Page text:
The sacrifice of the language fighters has been recognized globally. International Mother Language Day is a global yearly event conducted on February 21st to raise awareness of linguistic and cultural diversity as well as multilingualism.

The celebration of International Mother Language Day was first proposed by Bangladesh. At the 30th UNESCO General Conference in 1999, UNESCO approved Bangladesh’s plan and the United Nations General Assembly formally acknowledged it in 2002 with the passing of UN resolution 56/262. Mother Language Day is part of a larger initiative, launched by the United Nations General Assembly on May 16, 2007, to “promote the preservation and protection of all languages used by peoples of the world,” as stated in UN Resolution 61/266.  which also designated 2008 as the International Year of Languages.

This day is commemorated every year with a different theme, with the theme for 2022 being “Using technology for multilingual learning: Challenges and opportunities.”” Since the shutdown of schools due to COVID-19, most countries throughout the world have switched to technology-based educational approaches.

The focus of this year’s subject was on the potential of technology to enhance and expand multilingual education.

The Bengali language struggle, which began 70 years ago, is still very relevant in today’s globe, where linguistic imperialism manifests itself in many different forms. In its resolutions, the United Nations General Assembly said that the goal of International Mother Language Day is to “support the preservation and protection of all languages used by peoples around the world.” This assertion asserts that several languages are in threat. Every 14 days, a language dies. Language experts anticipate that half of the world’s almost 7000 languages will be extinct by the end of this century. Language, as a foundational component of civilisation, is a unique human asset that has aided us in our progress.We lose a piece of this asset with the demise of each language. Can we afford for half of our mother tongues to vanish? Isn’t it time to take steps to preserve a language-rich future for upcoming generation?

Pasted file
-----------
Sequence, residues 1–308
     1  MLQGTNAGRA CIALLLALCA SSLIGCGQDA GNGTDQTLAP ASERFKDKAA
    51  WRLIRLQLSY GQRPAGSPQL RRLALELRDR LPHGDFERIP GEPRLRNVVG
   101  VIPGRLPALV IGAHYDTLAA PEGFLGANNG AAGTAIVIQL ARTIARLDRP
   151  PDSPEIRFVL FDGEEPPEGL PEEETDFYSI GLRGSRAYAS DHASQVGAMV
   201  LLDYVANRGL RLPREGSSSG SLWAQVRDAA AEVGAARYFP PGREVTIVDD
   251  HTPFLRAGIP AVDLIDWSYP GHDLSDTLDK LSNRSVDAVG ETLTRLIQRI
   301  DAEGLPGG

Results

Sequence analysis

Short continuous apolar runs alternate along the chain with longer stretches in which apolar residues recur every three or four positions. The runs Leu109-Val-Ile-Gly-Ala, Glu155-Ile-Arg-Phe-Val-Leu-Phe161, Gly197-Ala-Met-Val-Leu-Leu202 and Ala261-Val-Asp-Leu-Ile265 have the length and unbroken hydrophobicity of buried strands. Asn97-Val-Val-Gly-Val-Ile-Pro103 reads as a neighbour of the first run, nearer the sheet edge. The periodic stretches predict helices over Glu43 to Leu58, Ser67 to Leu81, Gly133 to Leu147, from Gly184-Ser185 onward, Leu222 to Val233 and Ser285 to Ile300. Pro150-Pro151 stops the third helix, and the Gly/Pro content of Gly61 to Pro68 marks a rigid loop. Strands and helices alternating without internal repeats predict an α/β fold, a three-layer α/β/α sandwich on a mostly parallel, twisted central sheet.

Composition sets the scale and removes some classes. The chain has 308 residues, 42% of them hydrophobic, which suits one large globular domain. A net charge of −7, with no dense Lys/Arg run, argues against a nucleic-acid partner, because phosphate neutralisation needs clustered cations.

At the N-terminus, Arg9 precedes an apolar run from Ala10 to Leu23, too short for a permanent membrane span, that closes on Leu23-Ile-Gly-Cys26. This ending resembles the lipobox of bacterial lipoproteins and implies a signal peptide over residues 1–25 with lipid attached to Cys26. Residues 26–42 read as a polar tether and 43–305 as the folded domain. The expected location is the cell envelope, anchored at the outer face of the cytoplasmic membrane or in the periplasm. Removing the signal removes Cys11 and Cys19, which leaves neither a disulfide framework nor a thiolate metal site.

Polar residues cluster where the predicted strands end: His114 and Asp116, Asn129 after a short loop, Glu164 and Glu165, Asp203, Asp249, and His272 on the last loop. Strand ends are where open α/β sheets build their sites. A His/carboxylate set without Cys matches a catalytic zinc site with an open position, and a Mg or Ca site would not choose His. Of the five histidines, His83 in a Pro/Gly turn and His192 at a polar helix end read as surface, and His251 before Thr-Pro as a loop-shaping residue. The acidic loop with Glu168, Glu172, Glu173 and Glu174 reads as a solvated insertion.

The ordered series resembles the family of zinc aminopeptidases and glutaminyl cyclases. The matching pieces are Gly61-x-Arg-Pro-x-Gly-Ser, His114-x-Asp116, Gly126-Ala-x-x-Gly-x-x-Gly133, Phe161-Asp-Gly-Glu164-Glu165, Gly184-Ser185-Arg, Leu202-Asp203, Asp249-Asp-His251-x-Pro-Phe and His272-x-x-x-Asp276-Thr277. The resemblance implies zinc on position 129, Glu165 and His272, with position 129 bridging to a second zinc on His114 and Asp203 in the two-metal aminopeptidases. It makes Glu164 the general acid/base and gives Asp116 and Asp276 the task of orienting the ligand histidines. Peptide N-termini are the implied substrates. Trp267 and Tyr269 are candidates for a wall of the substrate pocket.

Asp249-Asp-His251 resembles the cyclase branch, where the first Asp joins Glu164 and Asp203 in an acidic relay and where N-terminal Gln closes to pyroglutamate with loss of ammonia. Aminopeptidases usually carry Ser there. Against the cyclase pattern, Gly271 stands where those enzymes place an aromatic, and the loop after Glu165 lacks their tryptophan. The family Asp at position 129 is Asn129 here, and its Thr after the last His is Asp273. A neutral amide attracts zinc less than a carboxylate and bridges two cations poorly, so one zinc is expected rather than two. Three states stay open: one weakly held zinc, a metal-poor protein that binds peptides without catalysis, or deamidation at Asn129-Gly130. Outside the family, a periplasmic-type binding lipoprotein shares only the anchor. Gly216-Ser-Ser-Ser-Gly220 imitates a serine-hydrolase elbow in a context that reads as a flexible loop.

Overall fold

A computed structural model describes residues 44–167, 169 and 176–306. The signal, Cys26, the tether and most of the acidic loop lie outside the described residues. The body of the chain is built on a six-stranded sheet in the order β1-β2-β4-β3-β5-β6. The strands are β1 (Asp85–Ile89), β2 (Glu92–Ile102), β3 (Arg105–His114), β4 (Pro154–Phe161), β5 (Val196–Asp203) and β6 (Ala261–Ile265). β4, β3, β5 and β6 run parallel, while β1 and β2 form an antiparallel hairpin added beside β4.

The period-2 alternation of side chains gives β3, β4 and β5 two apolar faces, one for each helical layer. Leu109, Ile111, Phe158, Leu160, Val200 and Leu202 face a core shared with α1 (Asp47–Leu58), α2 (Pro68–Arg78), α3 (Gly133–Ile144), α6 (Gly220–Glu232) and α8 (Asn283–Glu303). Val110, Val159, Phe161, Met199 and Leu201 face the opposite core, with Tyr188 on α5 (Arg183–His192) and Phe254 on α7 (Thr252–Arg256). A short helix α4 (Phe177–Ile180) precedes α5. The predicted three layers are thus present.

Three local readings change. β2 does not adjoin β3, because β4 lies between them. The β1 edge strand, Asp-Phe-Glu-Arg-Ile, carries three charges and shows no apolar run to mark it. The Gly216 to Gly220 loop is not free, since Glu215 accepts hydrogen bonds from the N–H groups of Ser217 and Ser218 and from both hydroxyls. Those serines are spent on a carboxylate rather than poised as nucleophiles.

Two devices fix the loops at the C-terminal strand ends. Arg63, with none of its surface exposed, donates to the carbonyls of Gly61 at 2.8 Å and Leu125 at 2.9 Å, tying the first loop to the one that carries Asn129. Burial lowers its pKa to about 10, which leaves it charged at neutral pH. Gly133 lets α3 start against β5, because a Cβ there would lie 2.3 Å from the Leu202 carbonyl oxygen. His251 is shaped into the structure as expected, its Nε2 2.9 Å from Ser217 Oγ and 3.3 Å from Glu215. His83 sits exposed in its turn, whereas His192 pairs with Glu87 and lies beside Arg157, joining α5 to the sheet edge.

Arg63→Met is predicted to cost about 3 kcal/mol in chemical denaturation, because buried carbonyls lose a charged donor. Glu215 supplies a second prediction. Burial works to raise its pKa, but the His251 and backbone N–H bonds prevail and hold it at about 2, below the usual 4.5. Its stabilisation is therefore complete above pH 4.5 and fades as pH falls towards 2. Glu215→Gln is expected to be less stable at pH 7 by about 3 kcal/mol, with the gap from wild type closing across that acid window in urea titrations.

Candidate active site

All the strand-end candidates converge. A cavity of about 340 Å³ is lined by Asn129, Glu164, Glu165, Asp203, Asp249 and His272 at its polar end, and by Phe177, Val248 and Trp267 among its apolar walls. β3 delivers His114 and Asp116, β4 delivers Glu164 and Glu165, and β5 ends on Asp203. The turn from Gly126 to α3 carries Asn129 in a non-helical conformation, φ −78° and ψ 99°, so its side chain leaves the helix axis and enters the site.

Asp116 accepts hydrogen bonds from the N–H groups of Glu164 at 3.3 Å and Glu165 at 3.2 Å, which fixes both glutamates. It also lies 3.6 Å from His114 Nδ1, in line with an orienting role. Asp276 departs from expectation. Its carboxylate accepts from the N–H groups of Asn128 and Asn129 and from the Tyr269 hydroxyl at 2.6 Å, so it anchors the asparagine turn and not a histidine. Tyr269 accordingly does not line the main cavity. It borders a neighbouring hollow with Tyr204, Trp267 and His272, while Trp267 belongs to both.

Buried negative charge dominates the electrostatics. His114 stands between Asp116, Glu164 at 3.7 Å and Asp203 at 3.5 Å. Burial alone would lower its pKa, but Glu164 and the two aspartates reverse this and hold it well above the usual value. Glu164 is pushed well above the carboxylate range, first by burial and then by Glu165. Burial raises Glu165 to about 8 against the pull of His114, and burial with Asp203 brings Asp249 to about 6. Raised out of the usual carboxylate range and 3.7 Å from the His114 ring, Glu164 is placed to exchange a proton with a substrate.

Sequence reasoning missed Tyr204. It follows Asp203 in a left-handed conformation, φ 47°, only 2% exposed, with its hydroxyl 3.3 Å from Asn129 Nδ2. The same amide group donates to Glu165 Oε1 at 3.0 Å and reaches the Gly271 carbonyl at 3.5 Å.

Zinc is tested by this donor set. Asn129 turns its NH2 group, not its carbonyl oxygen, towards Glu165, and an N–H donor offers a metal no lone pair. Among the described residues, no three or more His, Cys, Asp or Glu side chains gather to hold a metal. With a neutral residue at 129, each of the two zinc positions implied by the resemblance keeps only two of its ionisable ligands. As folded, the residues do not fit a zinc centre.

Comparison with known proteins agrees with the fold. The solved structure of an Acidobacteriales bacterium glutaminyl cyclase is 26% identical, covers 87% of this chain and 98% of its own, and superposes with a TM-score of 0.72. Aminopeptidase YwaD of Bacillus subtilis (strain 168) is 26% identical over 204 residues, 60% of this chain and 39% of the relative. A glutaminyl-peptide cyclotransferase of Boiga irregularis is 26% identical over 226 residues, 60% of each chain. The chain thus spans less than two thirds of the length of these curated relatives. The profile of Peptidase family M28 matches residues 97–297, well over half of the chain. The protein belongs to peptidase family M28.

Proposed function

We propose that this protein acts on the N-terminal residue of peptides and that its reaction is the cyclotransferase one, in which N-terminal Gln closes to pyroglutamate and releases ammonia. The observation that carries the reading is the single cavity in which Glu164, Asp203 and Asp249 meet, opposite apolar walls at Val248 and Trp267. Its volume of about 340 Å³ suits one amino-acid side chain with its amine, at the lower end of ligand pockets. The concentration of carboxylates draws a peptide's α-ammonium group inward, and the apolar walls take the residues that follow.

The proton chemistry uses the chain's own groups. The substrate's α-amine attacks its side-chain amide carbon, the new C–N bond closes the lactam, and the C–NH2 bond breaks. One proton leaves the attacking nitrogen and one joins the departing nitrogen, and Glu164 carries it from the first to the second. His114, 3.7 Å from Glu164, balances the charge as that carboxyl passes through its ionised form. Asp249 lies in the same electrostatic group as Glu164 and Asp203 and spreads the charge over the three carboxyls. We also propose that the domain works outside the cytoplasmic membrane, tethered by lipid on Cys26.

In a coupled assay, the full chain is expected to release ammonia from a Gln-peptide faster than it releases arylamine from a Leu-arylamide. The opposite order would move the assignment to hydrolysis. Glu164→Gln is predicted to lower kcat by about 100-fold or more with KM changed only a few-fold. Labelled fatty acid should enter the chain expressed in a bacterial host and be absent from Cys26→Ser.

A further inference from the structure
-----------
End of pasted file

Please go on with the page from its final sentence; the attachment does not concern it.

As stated by the United Nations, there are over 6000 languages spoken worldwide, with approximately 43% of them being endangered. In the educational system, just a few hundred languages are recognized.  Lessons, customs, oral traditions, and other inherited knowledge are no longer passed among native speakers when a language dies. As each language dies, data sources in linguistics, anthropology, prehistory, and psychology loses diversity in data sources. Woefully,  the capacity to understand the culture who spoke it is jeopardized with extinction of a language.

International Mother Language Day is extremely important because it reminds us of the necessity of preserving language and upholding its dignity. The story of sacrifice behind the celebration of International Mother Language conveys the message that it is critical to maintain languages since they are responsible for the development of a community’s culture and that it aids in the preservation of one’s culture and heritage.

Fatima Zahra Ahasan Raisa
Fatima Zahra Ahasan Raisa
Student Department of Law, University of Chittagong.